“You’ve succeeded brilliantly at picking up the fragments after Adam left,” Simon said, silently observing her evasiveness, “Frankly, you have shocked me with your strength. And I am unimaginably proud of the magnificent woman you have become.”

Francesca beamed.

“But the remoteness of your spirit often concerns me.”

She suddenly felt dreadful.

“That is not to say that you are heartless, Fran,” Simon reassured her, noting the stricken expression upon her face. “Merely that there is a wall around you--a hardness I fear no man can penetrate.”

She lifted her chin stubbornly. “Do you mean to say that I am insensitive?”

A soft smile touched her brother’s lips. “Quite the contrary, love. You are, without a doubt, the most compassionate woman I have ever known. You feel everything--joy, sadness, love. And where Adam is concerned, I fear you feel far too much.”

“I feel nothing for him,” she said firmly. “Nothing besides contempt for the humiliation he forced upon me.”

Simon was so quiet that for several moments, Francesca believed that he had given up. But when he spoke, the low implication of his tone warned her of the deep significance of the conversation that was about to take place. “You remind me of mother sometimes.”

At that, Francesca’s gaze flew to his. But despite the questions that whispered deep within her, she said not a word.

“She was always so determined to remain strong. After father died, I only saw her cry once.” Simon’s voice was low, heavy with emotion, “It was as if she regarded tears as a weakness. And she loved us enough that she would not allow us to witness that weakness.”

Francesca blinked back tears. “She was wonderful.”

“Indeed she was. Much like her daughter.”

“And son,” Francesca added.

“She was heartbroken after father died,” Simon continued, “You were too young to remember, but…it was very difficult for her. They were a love match. And their life together was one that most peers of the realm only dream about.”

“But you have that life, Simon,” Francesca said gently, “You have that with Anne.”

“I do,” he conceded with a nod, “Though, it took me a notoriously long while to realize it.”

“But you did realize it,” Francesca whispered, “And that is all that matters.”

Simon smiled. “That’s precisely what mother said.”

Francesca inhaled sharply, suddenly without words.

She felt Simon’s fingers upon her chin then--and the tenderness in which he led her gaze to his nearly undid her. “You are just like her, Francesca. Sometimes, when I look at you, I see her again. She would have been so proud of you--so proud of the woman you’ve become.”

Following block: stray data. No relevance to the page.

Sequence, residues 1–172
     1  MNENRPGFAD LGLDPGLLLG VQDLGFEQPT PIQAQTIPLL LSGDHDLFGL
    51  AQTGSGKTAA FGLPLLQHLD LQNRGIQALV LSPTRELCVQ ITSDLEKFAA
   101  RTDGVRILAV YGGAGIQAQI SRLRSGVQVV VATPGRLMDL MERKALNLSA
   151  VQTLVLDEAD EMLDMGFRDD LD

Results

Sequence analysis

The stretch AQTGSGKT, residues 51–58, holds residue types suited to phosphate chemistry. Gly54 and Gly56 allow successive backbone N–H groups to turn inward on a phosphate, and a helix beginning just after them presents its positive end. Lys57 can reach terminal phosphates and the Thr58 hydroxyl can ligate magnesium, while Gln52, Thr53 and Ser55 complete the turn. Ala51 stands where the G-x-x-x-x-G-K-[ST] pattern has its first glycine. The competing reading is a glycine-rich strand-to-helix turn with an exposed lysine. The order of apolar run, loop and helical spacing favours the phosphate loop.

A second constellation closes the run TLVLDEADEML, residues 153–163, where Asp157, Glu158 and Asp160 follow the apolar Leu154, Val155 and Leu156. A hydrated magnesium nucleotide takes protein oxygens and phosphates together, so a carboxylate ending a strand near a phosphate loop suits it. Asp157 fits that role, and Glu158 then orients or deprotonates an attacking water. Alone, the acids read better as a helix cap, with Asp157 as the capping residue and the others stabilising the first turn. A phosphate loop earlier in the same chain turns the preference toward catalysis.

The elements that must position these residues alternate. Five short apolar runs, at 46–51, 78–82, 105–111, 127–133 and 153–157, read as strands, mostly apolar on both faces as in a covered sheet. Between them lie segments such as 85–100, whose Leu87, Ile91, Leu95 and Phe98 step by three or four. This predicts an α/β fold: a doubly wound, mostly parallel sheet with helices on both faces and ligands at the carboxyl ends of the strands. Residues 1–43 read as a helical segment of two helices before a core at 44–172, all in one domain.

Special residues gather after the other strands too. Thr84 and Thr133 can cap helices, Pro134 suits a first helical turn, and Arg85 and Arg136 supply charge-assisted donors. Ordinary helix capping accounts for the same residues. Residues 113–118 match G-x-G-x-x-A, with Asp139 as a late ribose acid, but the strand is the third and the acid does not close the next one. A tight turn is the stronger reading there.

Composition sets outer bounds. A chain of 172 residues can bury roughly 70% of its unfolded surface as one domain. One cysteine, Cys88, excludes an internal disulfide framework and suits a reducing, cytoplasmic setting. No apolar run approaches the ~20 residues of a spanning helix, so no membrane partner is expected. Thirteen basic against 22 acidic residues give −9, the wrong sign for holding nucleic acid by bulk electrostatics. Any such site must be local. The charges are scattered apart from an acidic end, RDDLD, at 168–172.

Francesca released a tremulous breath. “But?”

“But she would also be heartbroken to see you so unhappy.”

Francesca’s voice was hardly a whisper. “I’m not unhappy.”

“We both know that is a lie, Francesca,” he said soothingly, forcing a sharp breath from her lips. “You have been unhappy since the day that Adam left. And these past three years have not changed that.”

She shook her head, hoping that the quick motion would banish his words.

“You love him…”

“No…” She didn‘t love Adam--she couldn‘t love Adam! To love him was to trust him. And to trust him…was treacherous. “I don’t,” she choked out.

“You do.”

Her heart broke anew. “Simon, I--”

“My apologies, my lord,” came the voice of Briarley as he made his way into the dining room, interrupting their conversation just as Francesca had been ready to break, “But Miss Kennedy has a caller. The Earl of Raeford.” Clearly sensing that he had barged in on something consequential, Briarley glanced between Francesca and Simon wearily, “I could send him away?”

Francesca shook her head, swiftly brushing tears from her eyes before she turned her attention towards Briarley, “No, that will not be necessary.” Her conversation with her brother had been a beautiful one--but it was also one that she was secretly overjoyed to end. The feelings that had surfaced at his words were not ones she wished to linger on. “Please inform the Earl that I shall be with him momentarily.”

“Very good, ma’am,” Briarley said with a quick nod, exiting the dining hall and closing the door behind him.

As soon as it was clear that the siblings were once more alone, Simon found her stare. He had taken a risk in broaching such a grave matter with her. But the emotion that he saw flickering in her eyes led him to believe that his actions had been beneficial. Watching as she rose from her chair and made her way towards the exit, he called out gently: “I only want what’s best for you, Francesca.”

She paused in her footsteps, her spine straight before she turned towards him with a gentle smile. “I know. And I love you dearly for it.”

And as she stepped out of the room, closing the door behind her, Simon smiled in return.

Even though she could not see it.